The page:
It’s always been stirring around down there, deep inside. I’ve felt it, shifting, twisting, struggling to get out, to get told. And always, when I looked down inside to check things out, there was a small persistent voice that came. No. Not now. Don’t do it. Not this moment. It will come when it gets here, the story you need to tell. Not right now. One day, it’ll get here. You’ll know. It will come on its own, it will speak its own voice, and when it does come, you won’t be able to keep it silent.
And I remember it all so clear, looking back. How that first journey was, to my first and only book. It was an impossible and hopeless dream, that I had back then. And I never got in anyone’s face about it. Nah, I figured. Ten million other people are out there in the market, frantically hawking their words to whoever they can get to listen. They got formulas, they go to seminars, they got all kinds of time-tested ways of making things work, when it comes to selling your book. I instinctively recoiled from all that noise and hassle. I don’t want to walk out there in that loud and messy market. And I thought to myself. Just sit in your little corner and write. Write your heart. It’s a long shot, but maybe you can make the market come to you.
It was a spectacularly naive game plan. Looking back, there was almost zero chance that it would work. But I never fretted much about it. I focused on what I wanted to do. Write. Write and post. And in those first few years after my marriage blew up, that was pretty much the focus of my life. Tell your story. Throw it out there. Someone who knows someone will eventually have to notice.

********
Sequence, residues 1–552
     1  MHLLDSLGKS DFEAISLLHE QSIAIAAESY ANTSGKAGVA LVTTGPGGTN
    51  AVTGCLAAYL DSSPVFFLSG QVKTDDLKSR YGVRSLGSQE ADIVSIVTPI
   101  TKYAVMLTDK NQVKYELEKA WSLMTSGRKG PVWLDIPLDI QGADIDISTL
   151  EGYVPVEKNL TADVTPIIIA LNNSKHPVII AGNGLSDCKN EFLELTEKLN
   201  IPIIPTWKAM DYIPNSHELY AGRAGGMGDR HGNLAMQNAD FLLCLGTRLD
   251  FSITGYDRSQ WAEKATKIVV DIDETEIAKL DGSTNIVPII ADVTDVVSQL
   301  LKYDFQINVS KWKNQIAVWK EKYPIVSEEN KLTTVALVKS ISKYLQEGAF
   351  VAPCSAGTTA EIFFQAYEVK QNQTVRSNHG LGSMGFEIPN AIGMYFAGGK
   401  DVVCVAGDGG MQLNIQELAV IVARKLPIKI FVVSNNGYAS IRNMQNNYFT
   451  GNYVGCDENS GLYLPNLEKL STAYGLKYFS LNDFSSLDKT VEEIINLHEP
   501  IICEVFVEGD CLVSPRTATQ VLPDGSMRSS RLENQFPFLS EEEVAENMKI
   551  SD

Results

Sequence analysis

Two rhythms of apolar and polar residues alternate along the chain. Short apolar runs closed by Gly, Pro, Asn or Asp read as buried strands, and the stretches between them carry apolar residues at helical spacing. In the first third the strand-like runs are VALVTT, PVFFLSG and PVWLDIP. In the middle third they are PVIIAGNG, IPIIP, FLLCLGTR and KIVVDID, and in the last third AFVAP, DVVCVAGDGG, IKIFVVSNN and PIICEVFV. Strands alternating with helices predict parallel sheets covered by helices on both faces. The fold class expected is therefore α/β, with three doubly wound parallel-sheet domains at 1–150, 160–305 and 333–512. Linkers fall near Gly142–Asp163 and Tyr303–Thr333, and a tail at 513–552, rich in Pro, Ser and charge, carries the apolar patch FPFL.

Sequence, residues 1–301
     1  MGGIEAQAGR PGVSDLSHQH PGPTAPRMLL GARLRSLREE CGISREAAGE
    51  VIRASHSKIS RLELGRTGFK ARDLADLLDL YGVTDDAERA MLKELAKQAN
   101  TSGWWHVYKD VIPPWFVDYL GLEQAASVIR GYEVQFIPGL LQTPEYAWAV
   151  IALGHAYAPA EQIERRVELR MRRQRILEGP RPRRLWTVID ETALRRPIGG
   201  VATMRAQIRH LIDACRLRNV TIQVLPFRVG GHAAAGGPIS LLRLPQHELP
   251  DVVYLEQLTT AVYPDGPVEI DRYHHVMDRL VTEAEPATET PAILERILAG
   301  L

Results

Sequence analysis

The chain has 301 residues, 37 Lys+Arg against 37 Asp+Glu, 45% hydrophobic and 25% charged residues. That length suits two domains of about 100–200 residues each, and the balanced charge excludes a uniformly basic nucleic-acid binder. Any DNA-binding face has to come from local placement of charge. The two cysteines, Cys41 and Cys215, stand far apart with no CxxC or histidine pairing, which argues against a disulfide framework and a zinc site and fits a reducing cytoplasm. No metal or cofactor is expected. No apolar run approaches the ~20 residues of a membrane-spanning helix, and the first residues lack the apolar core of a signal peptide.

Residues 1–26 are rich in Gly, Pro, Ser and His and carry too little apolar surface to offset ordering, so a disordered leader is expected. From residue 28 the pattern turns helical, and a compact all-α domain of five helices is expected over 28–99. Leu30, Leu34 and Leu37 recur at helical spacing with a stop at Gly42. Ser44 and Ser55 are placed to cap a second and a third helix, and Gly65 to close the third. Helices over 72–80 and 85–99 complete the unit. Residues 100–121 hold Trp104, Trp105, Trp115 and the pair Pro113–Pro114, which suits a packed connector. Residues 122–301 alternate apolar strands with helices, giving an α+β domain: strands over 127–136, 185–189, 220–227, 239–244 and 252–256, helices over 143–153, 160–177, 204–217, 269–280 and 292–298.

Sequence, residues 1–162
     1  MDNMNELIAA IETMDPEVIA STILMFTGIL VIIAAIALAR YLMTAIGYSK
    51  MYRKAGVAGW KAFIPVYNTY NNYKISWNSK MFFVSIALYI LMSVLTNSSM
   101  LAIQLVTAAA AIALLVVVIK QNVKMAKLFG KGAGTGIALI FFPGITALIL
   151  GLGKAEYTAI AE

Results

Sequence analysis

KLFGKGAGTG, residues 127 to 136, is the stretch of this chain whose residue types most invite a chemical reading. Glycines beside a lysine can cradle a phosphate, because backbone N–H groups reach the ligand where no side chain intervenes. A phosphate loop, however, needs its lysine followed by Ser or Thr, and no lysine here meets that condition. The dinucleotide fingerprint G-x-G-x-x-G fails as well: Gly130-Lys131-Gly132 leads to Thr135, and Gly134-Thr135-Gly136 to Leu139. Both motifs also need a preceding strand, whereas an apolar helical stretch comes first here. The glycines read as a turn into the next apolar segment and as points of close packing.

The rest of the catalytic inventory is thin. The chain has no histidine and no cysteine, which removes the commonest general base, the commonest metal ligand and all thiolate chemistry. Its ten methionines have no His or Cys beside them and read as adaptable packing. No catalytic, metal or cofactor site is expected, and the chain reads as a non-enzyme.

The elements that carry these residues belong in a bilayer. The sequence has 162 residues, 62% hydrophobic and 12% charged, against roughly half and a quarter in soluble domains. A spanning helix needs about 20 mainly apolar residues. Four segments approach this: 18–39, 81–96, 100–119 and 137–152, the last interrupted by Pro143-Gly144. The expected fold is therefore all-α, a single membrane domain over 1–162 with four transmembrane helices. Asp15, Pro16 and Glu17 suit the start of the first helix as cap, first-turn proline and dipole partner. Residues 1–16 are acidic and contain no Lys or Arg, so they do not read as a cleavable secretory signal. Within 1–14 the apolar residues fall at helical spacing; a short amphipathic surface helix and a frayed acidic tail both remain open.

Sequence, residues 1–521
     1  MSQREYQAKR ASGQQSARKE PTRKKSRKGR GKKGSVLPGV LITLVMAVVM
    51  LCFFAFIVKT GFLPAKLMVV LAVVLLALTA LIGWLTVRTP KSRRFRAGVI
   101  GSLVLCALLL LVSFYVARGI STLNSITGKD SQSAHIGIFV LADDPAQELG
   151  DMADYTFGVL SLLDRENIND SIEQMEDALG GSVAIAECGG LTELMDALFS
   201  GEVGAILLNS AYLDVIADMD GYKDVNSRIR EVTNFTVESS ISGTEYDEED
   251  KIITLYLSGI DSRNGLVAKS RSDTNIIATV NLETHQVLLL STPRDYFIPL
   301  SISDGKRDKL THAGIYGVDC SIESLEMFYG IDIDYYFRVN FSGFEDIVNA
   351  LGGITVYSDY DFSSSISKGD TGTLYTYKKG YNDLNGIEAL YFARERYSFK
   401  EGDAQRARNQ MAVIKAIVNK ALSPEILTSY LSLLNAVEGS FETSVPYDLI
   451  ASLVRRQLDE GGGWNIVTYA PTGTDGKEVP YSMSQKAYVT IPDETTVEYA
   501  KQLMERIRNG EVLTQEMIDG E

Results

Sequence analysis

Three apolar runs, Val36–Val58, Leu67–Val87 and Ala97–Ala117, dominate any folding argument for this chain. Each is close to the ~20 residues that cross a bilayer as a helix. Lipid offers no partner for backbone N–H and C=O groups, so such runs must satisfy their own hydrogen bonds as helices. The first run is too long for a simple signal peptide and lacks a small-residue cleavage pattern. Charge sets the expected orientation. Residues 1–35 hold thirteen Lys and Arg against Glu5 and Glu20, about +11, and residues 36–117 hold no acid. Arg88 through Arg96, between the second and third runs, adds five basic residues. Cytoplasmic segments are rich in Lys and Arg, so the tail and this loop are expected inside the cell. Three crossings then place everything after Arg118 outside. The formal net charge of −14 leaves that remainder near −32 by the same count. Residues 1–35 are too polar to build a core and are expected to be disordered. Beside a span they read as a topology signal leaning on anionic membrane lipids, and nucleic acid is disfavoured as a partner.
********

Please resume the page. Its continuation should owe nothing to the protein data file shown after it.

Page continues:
And a few years in, here comes a prophet, striding along, leaning wisely on his staff. Gray-haired and gray bearded. Well at least salt-and-pepper-haired and bearded, back then. He was a man I have known all my life. Jerry Eicher. A well-known writer of Amish fiction, Jerry had broken into the market in his own unique way. He won some sort of writing contest, I think. And he connected with Harvest House, his publisher. And he got a slew of books written and published, all without an agent. As of now, he has sold over 800.000 books, total, from a series of titles, which dwarfs the sales of my book. Our connection goes way back. We were both born in Aylmer, the same year. All the way up to second grade, we were neighbors, then Jerry’s family moved to Honduras with Peter Stoll and his group. We connected sporadically over the years. And when I started writing and blogging, Jerry read my stuff.
And he’s the man who first came striding through the wilderness, to show me the way. At least the way he knew. We communicated off and on, via email. And Jerry offered to connect me with his guy at Harvest House. I’d appreciate that, I said. One way or another, I will get published someday. I know that as surely as I’ve ever known anything in my heart. I forget the guy’s name at Harvest House, the one Jerry connected me with. I sent him a few of my blog stories. He got quite excited. Harvest House would publish me, he assured me. And I dared to believe, dared to hope, that all of it was happening as I had dreamed it would.
Jerry’s friend took my stuff to the board at Harvest House. He urged them to publish it. But a couple of people on that board shook their heads in horror. We can’t put writing like this on the market. It’s not sweet enough. Amish stories have to be sweet. And the sad message came back to me. Harvest House won’t publish you. And it seemed like the twilight of my dream had come, as the darkness settled and night closed in. I felt the disappointment, all the way down deep. But still I sat at my desk, and still I wrote and wrote and posted my blog. That’s all I knew to do.